Democratic frontrunner Clinton has also taken heat after video on Indian TV surfaced of her saying “I think there are advantages with it that have certainly benefited many parts of our country, and there are disadvantages that go to the need to, you know, improve the job skills of our own people.” That provoked a new rash of critiques that she has flip-flopped for political purposes.
Sanders, too, has been criticized—though more for the ramifications his anti-trade positions would have on the global poor. “Sanders has correctly recognized that freer trade with countries like China has hurt a subset of American workers (while benefiting others). As a result he opposes most efforts to open American markets to more international competition,” Zack Beauchamp writes for Vox. “There’s one big problem, according to development economists I spoke to: Free trade is one of the best tools we have for fighting extreme poverty.” It’s doubtful, however, that there’s even a small group of voters who believe an American president should seek to alleviate global poverty with trade policies that reduce incomes at home.
The TPP deal has stirred the wrath of the labor movement, especially of the United Auto Workers and United Steelworkers, which have seen their memberships decimated in the wake of previous free trade deals. Both unions have conspicuously withheld endorsements in the Democratic presidential contest (they are the largest unions not to endorse), possibly due to wariness of Clinton’s checkered trade record and a lack of rank-and-file support for her.
Pushing and Pulling on Right-to-Work
Anti-worker legislation remains on the upswing in Republican state legislatures across the country. After Democratic Governor Jay Nixon thwarted Missouri Republicans’ attempt to make the state right-to-work, the GOP is now pushing new anti-union bills. Both the Missouri House and Senate have passed legislation that would require public employee unions to obtain permission from their members annually to take out dues—a clear attempt at diminishing public-sector union membership rolls in the state. Though Governor Nixon is expected to veto the measure, both chambers passed the legislation with veto-proof majorities.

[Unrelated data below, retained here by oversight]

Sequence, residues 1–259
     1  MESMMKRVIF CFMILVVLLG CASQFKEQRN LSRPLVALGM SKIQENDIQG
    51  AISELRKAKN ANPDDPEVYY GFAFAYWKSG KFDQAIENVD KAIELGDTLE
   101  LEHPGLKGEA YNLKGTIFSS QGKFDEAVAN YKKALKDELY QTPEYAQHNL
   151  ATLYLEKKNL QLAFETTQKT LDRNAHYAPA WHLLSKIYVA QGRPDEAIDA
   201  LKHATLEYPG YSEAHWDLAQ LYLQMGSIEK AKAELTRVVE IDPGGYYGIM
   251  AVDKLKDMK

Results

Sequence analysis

Conversely, a Michigan Democrat has proposed legislation that would allow workers to vote to undo right-to-work in their respective workplaces. If a majority of the bargaining unit supports an “all-union contract” then all employees covered by the union contract, including non-members, would once again be required to pay agency fees. The legislation is a tit-for-tat rebuttal of conservative attempts to pass right-to-work laws at a micro-level. Republican governors in states where Democratic-controlled legislatures have refused to enact right-to-work laws have called on right-wing localities to establish right-to-work counties in Kentucky and “zones” in Illinois, though both initiatives have run into legal challenges.
A handy review of where states currently stand on the minimum wage, and where action in 2016 is expected to take place.
Seeing further threats down the road, big business is rallying against Seattle’s new independent-contractor union law.
The federal government has filed two “groundbreaking” lawsuits addressing workplace discrimination based on workers’ sexual orientation.
Hillary Clinton has called for an end to a subminimum wage for tipped workers, which disproportionately hurts women workers and workers of color.